Pairwise identity comparison of all nucleotide sequences was performed using SDT v1.2 with pairwise deletion of gaps (Muhire et al. 2014). The nine DNA-A-like sequences of ChaYMV shared 94 to 100% nucleotide identity to each other. They shared the highest nucleotide sequence identities (91.8 to 92.5%) with the Beninese (KT454819) and Cameroonian (KT454821 and KT454822) isolates of the monopartite begomovirus ChaYMV. In accordance with the proposed begomovirus strain demarcation criteria (94% nucleotide identity in DNA-A and DNA-A-like nucleotide sequences; Brown et al. 2015), these Ivorian isolates should be assigned to a new strain of ChaYMV tentatively named ChaYMV-CI. Alignment of the nine newly described sequences along with the nine complete DNA-A-like sequences of ChaYMV available from GenBank and selected Old World monopartite begomoviruses originating from Africa were performed using the MUSCLE alignment tool available in MEGA6 (Tamura et al. 2013; Table 1). The 18 complete nucleotide sequences of ChaYMV share between 90.4% and 100% pairwise nucleotide identity (Fig. 1). While the complete nucleotide sequences of ChaYMV isolates CI404 and CI405 collected in 2019 are genetically similar (between 99.2% and 99.9% identity), those of isolate CI111 collected in 2013 were more diverse (between 95.3% and 100% identity) and divergent (between 94.0% and 94.9% identity). A maximum likelihood (ML) phylogenetic tree was constructed using MEGA6 (Tamura et al. 2013). The ML tree confirms the segregation of ChaYMV isolates into two distinct clades (bootstrap value 100%, Fig. 1).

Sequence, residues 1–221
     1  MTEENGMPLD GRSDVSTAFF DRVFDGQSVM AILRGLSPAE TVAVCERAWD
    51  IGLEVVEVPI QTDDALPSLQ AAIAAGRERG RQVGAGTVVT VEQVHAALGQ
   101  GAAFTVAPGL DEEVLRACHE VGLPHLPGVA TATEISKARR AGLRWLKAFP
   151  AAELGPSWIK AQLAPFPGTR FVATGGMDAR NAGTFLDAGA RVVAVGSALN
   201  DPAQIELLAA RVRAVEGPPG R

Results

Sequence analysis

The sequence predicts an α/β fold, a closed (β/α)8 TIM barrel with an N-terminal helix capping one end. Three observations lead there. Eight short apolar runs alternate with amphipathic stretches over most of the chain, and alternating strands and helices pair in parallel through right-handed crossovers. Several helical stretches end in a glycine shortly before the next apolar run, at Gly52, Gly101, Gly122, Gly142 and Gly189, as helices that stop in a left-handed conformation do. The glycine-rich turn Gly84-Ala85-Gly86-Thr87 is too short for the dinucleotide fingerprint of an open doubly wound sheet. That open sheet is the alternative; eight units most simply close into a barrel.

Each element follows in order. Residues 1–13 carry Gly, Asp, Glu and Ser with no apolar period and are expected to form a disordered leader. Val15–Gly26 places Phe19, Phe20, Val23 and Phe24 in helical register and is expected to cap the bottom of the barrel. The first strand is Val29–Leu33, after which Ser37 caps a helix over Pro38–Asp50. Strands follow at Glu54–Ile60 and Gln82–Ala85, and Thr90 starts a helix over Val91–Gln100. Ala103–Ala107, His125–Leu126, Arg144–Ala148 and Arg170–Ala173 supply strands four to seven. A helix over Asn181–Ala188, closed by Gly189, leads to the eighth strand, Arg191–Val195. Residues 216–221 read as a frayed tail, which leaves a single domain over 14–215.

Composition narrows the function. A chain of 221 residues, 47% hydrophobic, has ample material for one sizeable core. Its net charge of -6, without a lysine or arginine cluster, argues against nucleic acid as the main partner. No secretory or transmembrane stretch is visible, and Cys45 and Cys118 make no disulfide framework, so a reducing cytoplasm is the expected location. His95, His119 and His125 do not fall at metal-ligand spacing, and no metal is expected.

Fig. 1
figure 1

Maximum-likelihood phylogenetic tree and color-coded matrix of pairwise nucleotide identity inferred from alignments of complete DNA-A-like sequences of chayote yellow mosaic virus and selected Old World monopartite begomoviruses originating from Africa. Only bootstrap values above 70% are shown (1 000 replicates). The matrix uses a discontinuous range of three shades of color (red, green, and blue) differentiating two cut-off values representing the strain (94%, green–red) and the species (91%, blue-green) demarcation thresholds of begomoviruses. For begomovirus acronyms, see Table 1

In conclusion, for the first time we report complete genome sequences of ChaYMV isolates infecting bitter melon in Côte d’Ivoire. These isolates represent a new strain, at the limit of the taxonomic demarcation threshold for begomoviruses (91%) and tentatively named ChaYMV-CI, and form a distinct phylogenetic clade among ChaYMV isolates. Our results call for further investigations into the molecular diversity, geographical distribution and host range of ChaYMV in Western Africa.

FormalPara GenBank accession numbers


Table 1 Name, acronyms, GenBank/EMBL/DDBJ accession numbers and host plants of begomoviruses used in this study